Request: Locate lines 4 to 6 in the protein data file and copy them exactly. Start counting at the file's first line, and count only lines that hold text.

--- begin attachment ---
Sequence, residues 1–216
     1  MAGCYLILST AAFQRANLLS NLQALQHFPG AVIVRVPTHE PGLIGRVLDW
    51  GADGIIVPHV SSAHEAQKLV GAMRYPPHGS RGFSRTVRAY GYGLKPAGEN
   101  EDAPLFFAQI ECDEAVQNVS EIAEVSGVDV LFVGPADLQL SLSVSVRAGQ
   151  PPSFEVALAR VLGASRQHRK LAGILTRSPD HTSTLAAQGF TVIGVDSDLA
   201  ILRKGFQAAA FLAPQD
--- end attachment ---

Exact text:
   101  EDAPLFFAQI ECDEAVQNVS EIAEVSGVDV LFVGPADLQL SLSVSVRAGQ
   151  PPSFEVALAR VLGASRQHRK LAGILTRSPD HTSTLAAQGF TVIGVDSDLA
   201  ILRKGFQAAA FLAPQD